Friday, June 5, 2015

Frenemies

Ah T-shirts, the frenemy of the home sewer who has learned to sew with woven fabrics. T-shirts pretend to be so easy, friendly, and achievable with their simple front and back and a couple of hems, but before you know it there's a wonky neckline or a band sitting out instead of flat, and your simple, smiley, fun T-shirt sits back on its haunches, laughs, and shrieks, "you FOOL!".

Perhaps I could describe that better without anthropomorphising: T-shirts look so easy, but they are proving to be quite hard because I'm just not used to sewing with stretch fabrics. There, that's a little less emotional. However, I am not here to report my failures, which are many, but instead two small steps along the road to being a competent sewer of knits.

I made two T-shirts out of remnants picked up for $5 at a sale. That was tremendously satisfying in itself. Both were made using Kwik Sew pattern, which I have momentarily mislaid. For the first T-shirt, I substituted a neckband in the same fabric for the simple hem on the neckline shown in the pattern. Yes I know, it doesn't quite sit flat, but it's not too bad.
I also added a band at the bottom, which I really like when I'm wearing it. 
For the second T-shirt I used a pre-made stretch binding. I still need a bit of practice putting this kind of binding on, but I'm quite happy with this as a first attempt. It sits allllllllmost flat.
 I twin-needled the bottom hem. Twin-needled it. With twin needles. See?
Now we are all friends, me and the two T-shirts. And we lived happily ever after.

Friday, April 17, 2015

All about the blues (and greens)

Hello Friends,
You know, the internet provides the impetus to progress all sorts of projects. I don't just mean tutorials about how to do this or that, which are very useful I'll grant you, but also just the odd throw-away comment that suddenly resolves a problem and moves a project along.
The case I am thinking of was a huge bag of quilting fabric squares and off-cuts, which has sat in my stash for the last 2 years. The truth is, I was a little bit afraid of it. The fabrics were all beautiful, and were in every colour and shade. I didn't quite know where to start and feared that when I did make something, I would ruin it and it would be hideous.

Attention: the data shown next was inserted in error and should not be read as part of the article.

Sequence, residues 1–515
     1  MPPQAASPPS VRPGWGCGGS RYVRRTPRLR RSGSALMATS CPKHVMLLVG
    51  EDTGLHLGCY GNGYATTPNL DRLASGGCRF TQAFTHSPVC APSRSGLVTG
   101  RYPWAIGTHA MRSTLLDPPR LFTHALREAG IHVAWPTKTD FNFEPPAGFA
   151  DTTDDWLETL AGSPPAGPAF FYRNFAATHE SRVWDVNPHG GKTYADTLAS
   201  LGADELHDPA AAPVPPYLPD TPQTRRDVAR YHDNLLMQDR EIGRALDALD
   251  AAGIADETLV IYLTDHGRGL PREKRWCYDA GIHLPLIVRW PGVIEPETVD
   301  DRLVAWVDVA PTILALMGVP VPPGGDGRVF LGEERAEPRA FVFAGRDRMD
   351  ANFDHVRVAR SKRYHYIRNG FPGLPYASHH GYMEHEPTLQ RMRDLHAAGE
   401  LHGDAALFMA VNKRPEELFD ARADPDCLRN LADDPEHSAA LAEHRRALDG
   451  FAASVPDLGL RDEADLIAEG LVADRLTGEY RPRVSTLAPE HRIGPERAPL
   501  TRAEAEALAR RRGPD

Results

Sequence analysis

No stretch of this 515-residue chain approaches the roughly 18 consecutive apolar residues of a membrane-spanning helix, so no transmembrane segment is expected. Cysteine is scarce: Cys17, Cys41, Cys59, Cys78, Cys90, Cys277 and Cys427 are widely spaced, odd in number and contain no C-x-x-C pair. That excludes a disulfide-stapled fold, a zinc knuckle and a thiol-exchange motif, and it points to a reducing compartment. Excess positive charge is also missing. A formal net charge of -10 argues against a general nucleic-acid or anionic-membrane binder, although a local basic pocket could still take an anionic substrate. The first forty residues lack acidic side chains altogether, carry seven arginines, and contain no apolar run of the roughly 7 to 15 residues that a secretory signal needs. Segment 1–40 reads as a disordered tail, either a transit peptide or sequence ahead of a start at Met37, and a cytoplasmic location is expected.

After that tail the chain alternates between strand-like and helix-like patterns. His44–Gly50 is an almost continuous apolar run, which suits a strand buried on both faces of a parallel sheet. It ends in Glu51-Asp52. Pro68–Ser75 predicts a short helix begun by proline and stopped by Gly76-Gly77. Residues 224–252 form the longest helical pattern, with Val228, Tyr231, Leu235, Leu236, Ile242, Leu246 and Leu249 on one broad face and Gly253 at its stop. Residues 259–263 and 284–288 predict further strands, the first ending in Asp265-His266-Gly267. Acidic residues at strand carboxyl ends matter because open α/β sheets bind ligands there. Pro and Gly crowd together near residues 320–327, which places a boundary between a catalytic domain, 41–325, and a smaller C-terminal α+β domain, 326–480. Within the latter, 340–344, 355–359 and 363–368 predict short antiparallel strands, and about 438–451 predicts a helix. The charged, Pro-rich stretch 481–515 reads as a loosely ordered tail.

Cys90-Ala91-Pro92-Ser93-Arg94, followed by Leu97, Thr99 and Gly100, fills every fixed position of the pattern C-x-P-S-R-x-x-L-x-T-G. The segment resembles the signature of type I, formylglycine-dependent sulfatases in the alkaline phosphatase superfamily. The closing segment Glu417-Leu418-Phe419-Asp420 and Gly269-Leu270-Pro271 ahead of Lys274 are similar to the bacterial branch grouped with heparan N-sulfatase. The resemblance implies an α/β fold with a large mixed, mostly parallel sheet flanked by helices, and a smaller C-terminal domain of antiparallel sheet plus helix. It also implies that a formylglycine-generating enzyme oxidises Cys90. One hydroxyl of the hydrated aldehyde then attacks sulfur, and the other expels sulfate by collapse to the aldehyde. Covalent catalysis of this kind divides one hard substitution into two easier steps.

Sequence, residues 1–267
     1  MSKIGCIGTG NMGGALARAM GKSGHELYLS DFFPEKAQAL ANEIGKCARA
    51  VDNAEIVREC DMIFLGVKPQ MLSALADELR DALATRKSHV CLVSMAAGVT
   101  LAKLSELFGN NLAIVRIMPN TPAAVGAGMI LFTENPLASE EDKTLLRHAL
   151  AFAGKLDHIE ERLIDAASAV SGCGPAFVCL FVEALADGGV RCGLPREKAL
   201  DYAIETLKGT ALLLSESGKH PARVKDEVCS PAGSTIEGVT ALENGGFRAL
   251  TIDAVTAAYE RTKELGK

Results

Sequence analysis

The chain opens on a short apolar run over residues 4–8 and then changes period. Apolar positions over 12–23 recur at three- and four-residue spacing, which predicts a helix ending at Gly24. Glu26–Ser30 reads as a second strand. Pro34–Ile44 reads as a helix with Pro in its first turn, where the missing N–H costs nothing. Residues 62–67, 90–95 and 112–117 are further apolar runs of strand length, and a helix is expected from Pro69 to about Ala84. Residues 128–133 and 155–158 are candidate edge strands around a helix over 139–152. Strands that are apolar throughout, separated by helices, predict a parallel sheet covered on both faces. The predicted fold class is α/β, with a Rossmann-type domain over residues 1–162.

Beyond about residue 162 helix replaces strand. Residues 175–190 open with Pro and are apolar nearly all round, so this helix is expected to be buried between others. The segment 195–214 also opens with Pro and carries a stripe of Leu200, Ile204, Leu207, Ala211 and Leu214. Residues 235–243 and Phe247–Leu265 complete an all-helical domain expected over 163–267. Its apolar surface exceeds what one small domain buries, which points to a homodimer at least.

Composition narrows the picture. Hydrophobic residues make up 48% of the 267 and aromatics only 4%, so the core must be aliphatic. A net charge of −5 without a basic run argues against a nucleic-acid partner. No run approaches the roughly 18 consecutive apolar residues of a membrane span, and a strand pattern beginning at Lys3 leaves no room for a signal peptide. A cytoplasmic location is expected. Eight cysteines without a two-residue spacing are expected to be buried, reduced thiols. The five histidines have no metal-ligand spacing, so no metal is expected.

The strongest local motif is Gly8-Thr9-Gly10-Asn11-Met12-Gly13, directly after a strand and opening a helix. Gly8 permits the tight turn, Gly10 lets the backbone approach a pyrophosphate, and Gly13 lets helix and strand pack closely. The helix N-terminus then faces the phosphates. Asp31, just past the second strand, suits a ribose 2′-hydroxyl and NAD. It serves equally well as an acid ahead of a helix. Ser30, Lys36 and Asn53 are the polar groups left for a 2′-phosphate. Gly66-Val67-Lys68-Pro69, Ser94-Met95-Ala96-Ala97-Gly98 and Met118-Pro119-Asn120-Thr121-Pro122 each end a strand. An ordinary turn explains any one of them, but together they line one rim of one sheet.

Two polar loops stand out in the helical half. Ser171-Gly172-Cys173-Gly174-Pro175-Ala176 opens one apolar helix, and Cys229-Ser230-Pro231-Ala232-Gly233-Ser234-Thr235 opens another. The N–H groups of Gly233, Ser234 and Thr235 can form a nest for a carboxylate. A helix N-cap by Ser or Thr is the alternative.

Anyway, I was reading one of my favourite crafty blogs, Cozy things, and she mentioned that the first 20 or so quilts that she made she never paid attention to the backing. Well, that's an innocent enough statement, but what stood out to me was the "the first 20 or so quilts..." That was enough to remind me that like everything else, quilting and patchwork are ongoing learning experiences, and the only way to get better is to keep at it and make stuff, making mistakes and sometimes even making hideous things. 
I started by sorting out the fabrics in my favourite colours, which are blues and greens at the moment. My neighbour suggested to add some yellow and red, to stop it being a big insipid mess of bluey-green. That was good advice. Then I put it together in a random disappearing 9-patch. There are zillions of tutes if you're interested in how to make these blocks, so I won't bother with one here. Needless to say they are quick and very easy to make. I cut and pieced a king-sized quilt top in less than a week.
Here it is having a wee turn on the big bed to see how I like it every time I walk past the room. I like it a lot, as it happens. I'm now wondering about the sashing (maybe yellow?) and binding (perhaps black or red stripes?).